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Paterno’s son not focused on moving up

Jay Paterno said his priority is moving Penn State to more of a spread-style offense.

STATE COLLEGE — Jay Paterno feels that some day he could be a head coach, too, just like his famous father.

For now, though, he said his only priority is helping Penn State move to more of a spread-style offense next season and getting his dad and boss, Joe Paterno, more wins.

“Most people tell me there is no lack of confidence in me,” said Jay Paterno, the Nittany Lions’ quarterbacks coach who helps call passing plays. “But I’m just worried about next year.”

Joe Paterno said after the Alamo Bowl late last month that his son has the ability to be a head coach, “but I don’t think Penn State would be a good place for him right now.” Having his son succeed him would make it seem as if “I programmed the whole thing,” JoePa said.

In a recent interview, Jay Paterno said becoming a head coach isn’t at the top of his to-do list, even at Penn State, though “obviously, if that were to happen, I would have to prove myself.”

He could coach or work elsewhere, he said, but he loves Penn State and the State College area. Jay Paterno just completed his 13th season on the coaching staff, his eighth coaching quarterbacks.

His father just finished his record 42nd year as Penn State head coach, though he is about to enter the final year of his contract, which expires after the 2008 season.

Joe Paterno, 81, has said recently he could coach at least a couple more years, and perhaps as many as five. His 372 career wins are one behind Florida State’s Bobby Bowden for most among major college coaches.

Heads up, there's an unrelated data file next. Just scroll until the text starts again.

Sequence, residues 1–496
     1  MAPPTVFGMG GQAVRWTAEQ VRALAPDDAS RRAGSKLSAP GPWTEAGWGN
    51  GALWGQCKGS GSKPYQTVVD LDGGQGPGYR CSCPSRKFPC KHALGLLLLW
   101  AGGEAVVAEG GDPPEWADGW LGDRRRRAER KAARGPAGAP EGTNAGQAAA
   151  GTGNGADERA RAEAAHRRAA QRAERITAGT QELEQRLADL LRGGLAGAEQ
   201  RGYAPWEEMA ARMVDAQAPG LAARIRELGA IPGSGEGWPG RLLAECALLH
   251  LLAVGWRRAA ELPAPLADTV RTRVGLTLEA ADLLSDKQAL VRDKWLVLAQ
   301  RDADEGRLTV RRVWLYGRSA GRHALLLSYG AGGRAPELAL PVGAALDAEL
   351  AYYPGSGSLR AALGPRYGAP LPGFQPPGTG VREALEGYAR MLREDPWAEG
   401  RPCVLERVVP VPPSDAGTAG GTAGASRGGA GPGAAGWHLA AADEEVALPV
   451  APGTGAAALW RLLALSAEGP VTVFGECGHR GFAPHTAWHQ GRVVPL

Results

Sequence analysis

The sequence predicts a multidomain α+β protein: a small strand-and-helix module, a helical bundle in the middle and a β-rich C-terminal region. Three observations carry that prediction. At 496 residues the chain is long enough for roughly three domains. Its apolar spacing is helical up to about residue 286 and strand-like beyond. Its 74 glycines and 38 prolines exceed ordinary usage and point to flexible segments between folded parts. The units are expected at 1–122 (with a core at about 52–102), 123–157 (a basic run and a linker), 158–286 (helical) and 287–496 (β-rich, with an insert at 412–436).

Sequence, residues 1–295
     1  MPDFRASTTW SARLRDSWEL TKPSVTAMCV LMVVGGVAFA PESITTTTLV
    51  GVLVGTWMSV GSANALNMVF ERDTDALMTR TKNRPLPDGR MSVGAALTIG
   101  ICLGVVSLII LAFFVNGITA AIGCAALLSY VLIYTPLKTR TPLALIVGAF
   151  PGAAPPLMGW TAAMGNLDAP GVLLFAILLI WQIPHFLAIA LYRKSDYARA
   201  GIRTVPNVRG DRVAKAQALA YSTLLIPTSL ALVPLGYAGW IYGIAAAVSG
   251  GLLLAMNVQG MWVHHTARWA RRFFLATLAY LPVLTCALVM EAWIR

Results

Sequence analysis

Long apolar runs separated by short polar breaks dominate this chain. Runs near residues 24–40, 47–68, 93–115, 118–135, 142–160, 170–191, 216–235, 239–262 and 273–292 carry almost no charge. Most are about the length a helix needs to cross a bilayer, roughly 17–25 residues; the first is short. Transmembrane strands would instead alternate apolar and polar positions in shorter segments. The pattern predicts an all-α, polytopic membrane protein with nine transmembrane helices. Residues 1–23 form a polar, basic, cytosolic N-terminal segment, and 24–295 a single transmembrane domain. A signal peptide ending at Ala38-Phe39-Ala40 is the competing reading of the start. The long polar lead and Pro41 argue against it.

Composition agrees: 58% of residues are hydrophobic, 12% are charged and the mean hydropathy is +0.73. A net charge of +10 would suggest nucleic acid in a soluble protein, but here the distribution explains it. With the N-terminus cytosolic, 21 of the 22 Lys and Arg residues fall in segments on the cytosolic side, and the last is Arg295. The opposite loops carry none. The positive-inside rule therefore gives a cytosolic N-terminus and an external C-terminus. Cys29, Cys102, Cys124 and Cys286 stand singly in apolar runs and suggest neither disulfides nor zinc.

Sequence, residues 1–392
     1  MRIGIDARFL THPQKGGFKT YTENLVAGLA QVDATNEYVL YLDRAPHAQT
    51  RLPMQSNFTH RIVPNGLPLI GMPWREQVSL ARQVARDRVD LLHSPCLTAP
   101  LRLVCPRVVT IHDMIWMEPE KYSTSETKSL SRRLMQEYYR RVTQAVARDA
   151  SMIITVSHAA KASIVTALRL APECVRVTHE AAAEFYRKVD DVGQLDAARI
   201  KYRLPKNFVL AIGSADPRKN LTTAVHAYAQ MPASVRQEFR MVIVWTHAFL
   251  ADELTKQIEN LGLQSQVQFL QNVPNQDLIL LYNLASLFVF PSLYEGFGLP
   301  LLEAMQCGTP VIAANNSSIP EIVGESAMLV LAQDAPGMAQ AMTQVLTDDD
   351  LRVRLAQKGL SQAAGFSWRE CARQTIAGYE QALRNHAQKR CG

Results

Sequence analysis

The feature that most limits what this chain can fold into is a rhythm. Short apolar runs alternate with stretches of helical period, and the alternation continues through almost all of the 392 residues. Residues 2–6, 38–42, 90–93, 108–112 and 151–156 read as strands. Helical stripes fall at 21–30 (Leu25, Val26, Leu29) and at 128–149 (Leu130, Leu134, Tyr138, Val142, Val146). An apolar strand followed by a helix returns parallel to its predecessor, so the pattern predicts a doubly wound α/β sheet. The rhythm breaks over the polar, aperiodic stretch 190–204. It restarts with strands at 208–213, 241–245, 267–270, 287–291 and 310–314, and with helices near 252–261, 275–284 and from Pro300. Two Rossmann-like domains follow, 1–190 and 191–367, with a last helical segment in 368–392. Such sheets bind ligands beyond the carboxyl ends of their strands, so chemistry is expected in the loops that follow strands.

Next season might bring a different look to the Penn State offense. Coaches have said the Nittany Lions will go back to more of the spread-style attack used in 2005, when run-pass threat Michael Robinson started at quarterback.

The 2008 squad will be led by a new quarterback because of the departure of two-year starter Anthony Morelli, who was more of a drop-back passer. The major question is whether holdovers Daryll Clark and Pat Devlin can handle the job.

Coaches have said the race is wide open, though Clark may come into spring practice as the first-stringer simply because he was the top backup.

A wild card may be the destination of Terrelle Pryor, the athletic 6-foot-6 quarterback from Jeannette who is considered one of the top recruits in the country. Pryor has said Michigan, Penn State, Ohio State and Oregon are among his options.

Regardless of who calls the signals, next year’s Penn State quarterback should have some help — all five starters return on the offensive line, as well as the receiving trio of Derrick Williams, Deon Butler and Jordan Norwood.

Jay Paterno said the team’s goal is to both run and pass for 200 yards each game out of what has been dubbed the “Spread HD.”

“It’s not a philosophical shift, but more of a personnel shift,” he said.

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